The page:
“There’s a place and a time for everything,” my mother used to tell me, usually in admonition, before going on to explain why something I had done was not appropriate to either one. But now these words have become a motto—as a writer, I work at the intersection of place and time.

I’ve always been inspired by the environment in which I grew up—the mill towns, ponds, and coastlines of Maine and New Hampshire. Later I fell in love with the cities where I studied and worked. My recent travels have introduced me to still more intriguing landscapes. And I’ve always been drawn to past time, from childhood daydreams to graduate study in history. I believe, as L.P. Hartley wrote, “The past is a foreign country; they do things differently there.”

Always a writer

As a young girl, I wrote poems and stories and kept journals. I had a bylined newspaper column when I was in high school. For 35 years, I earned my living as a marketing communications writer. During most of those years I owned my own business, Written Work, collaborating with a wide range of colleges and universities and research organizations to advance their missions.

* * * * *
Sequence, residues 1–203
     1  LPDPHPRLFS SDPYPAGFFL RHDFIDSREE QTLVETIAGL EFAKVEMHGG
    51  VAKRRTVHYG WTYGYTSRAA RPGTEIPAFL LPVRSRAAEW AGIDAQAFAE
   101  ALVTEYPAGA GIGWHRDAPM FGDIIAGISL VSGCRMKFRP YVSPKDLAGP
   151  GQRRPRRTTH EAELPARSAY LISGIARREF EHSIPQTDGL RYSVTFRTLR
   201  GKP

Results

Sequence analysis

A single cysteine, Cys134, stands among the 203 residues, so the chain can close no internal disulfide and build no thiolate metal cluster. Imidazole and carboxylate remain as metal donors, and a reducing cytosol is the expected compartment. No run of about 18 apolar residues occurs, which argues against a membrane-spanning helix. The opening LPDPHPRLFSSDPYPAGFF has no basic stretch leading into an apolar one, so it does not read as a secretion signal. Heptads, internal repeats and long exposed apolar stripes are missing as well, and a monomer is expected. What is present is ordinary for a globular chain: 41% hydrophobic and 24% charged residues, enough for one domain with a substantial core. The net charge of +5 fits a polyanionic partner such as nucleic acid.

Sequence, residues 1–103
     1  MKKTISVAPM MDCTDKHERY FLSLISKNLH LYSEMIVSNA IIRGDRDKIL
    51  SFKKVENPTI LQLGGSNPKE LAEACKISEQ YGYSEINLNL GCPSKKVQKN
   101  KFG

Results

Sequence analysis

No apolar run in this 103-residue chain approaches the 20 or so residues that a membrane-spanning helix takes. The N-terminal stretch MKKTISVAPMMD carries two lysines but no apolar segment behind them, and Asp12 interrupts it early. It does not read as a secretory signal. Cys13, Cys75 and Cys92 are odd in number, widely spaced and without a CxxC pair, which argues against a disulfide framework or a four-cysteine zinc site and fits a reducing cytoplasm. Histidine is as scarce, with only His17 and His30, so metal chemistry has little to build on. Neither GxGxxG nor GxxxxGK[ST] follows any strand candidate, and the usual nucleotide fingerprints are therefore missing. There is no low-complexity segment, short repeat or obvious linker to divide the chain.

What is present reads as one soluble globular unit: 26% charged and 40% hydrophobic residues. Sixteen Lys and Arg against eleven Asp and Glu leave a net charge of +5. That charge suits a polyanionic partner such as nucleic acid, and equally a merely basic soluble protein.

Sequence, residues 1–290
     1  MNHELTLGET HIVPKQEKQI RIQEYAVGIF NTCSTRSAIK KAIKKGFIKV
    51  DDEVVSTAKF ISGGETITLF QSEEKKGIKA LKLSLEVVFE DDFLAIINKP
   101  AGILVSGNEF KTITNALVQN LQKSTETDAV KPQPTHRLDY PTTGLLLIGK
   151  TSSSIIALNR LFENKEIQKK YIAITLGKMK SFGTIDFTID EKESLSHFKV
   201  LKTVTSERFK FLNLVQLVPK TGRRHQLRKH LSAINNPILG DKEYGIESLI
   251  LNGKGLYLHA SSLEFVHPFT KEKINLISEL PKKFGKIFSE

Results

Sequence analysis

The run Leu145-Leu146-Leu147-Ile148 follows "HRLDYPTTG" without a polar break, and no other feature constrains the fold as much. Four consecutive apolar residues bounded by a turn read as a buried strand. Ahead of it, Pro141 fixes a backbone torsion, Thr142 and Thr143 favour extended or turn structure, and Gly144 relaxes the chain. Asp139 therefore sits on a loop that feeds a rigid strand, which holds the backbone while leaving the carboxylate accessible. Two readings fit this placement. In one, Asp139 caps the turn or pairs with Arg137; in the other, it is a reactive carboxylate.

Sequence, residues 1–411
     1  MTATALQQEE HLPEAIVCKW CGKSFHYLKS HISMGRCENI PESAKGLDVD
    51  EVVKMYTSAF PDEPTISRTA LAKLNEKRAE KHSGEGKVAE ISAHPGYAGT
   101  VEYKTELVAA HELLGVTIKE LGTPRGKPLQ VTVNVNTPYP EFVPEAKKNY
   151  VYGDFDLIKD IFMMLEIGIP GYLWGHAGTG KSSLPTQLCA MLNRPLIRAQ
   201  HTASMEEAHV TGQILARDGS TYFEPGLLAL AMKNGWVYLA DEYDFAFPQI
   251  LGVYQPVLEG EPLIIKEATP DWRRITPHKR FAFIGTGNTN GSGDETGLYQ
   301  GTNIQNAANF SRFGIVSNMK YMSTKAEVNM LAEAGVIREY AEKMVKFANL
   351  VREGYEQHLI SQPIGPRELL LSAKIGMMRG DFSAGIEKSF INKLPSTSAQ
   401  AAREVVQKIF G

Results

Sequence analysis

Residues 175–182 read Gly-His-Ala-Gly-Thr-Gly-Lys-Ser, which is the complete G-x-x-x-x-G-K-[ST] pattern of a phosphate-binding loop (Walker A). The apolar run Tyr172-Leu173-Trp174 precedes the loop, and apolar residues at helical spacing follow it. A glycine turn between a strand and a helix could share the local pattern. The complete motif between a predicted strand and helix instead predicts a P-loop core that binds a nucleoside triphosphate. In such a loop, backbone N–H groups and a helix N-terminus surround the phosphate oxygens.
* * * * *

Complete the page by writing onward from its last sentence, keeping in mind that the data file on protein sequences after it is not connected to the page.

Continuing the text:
Now that I've earned my MFA in creative writing, I'm on the path I want to follow from here on out—a teller of compelling stories rooted in place and time.

 

Career highlights

  • Independent writer and editor, 2017-present

  • MFA in creative writing, University of New Hampshire, 2019

  • Owner and principal, Written Work, 1990–2016

  • PhD in American studies, Boston University

  • AB with distinction in English & American literature, Brown University

Projects

The stories I write are true (nonfiction) or true enough (fiction, drawn from life). Typically, they involve lots of research--sleuthing through archives, driving back roads to talk with people about their memories, following the streets a child walked from home to school. An ongoing project concerns orphans and poor children in Maine in the early 20th century. My work has recently appeared in Down East magazine.